A year packed with many events started on 24th January with the slogan of “In 2015 I am from Mons, and you?” and the theme of illumination and enlightenment to celebrate the idea of the European Capital of Culture. Despite the cold weather, the central square (Grand Place) was swamped with large crowd wearing the silver ponchos to unify and sing in harmony. The white balloons, light shows and fireworks illuminated the dark night all over the city. The impressive art installations, sparkling shows, events and concerts across the city carried on all night.

In the early morning the white snow covered streets, historical houses and buildings creating a postcard view of the city with a nice shaded colouring. But it was all melted before the events started in the evening. With no further snow or raining, the weather helped the celebration to go more smoothly despite freezing cold. Place du Parc was decorated with various fire installations, thousands of candles, the pots and the rings of fire, magically shinning the square to symbolize the theme of the enlightenment. Two artists were also playing a very soft and smooth music on a stage lit by many candles. In the street adjacent to the square, a giant octopus shaped instrument was blowing fire all around. The Belgians were very relaxed about the health and safety as everybody could get very close to the flames.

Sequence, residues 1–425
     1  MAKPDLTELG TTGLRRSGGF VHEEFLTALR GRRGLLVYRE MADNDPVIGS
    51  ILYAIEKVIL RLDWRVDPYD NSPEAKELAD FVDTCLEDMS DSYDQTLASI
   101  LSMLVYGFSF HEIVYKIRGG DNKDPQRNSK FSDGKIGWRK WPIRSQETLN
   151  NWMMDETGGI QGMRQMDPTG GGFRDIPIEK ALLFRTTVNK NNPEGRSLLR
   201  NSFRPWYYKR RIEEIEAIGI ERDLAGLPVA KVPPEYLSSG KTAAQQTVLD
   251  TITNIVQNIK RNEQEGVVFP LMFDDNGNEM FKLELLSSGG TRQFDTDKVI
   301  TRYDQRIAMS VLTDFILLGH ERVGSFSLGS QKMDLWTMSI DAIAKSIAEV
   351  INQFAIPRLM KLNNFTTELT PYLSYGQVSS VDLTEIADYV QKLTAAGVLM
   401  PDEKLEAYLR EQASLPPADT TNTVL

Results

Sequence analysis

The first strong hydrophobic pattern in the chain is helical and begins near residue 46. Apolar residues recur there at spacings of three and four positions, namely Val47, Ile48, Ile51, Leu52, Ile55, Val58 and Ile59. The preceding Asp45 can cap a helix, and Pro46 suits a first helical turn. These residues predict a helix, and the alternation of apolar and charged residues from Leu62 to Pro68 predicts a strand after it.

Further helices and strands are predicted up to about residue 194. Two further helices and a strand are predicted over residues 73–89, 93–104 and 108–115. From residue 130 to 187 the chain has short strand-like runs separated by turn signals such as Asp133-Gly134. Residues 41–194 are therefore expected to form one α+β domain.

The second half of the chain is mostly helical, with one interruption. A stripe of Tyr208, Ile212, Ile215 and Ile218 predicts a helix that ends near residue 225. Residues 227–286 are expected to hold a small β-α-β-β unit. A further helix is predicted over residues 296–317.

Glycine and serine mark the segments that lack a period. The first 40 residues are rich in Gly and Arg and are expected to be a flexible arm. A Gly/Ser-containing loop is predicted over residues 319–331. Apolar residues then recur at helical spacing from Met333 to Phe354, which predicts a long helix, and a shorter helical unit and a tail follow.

There was a large crowd queuing to get into the site of the illuminated Belfry Tower to watch the wired sculptures installation titled “Once upon a time”. There were George and the Dragon surrounded by an army of fairy tale statues, lit up by spotlights, changing colours. Cedric Verdure, a French artist, has used simple wires to create ghostlike models, which invoke the imagination. Cedric has displayed his installation all over the world and wishes to express his artistic talent and ideas by dreamy and imaginary forms.

In another part of the old town in Rue de la Poterie, the whole street featured an artistic sound installation titled ‘Song Lines’ decorated with portraits of Mons singers from all over the world projected over hanging linens. As you walk slowly, a voice in different languages repeat the hit song by Salvatore Adamo.

But the main event in the Grand Place was Envolée Chromatique where the huge balloons were flying in the sky and large white toys run by humans were wondering in the crowd. An acrobat in the sky at the bottom of one balloon impressed the audience with her acrobatic moves whirling around a white fabric. The show continued with a flying accordionist who continued playing and singing around the square followed by a flying woman. The celebration could not have been complete without a huge firework in another corner of the town and the party did not want to stop. The event was a great success for the organizers.

Despite the high cost to European citizens, the European Capital of Culture is sure to bring people together through the universal language of art and culture. Mons has many more surprises for visitors in 2015.

For more information about Mons 2015, visit “Belgian Tourist Office”:

Mohammad Reza Amirinia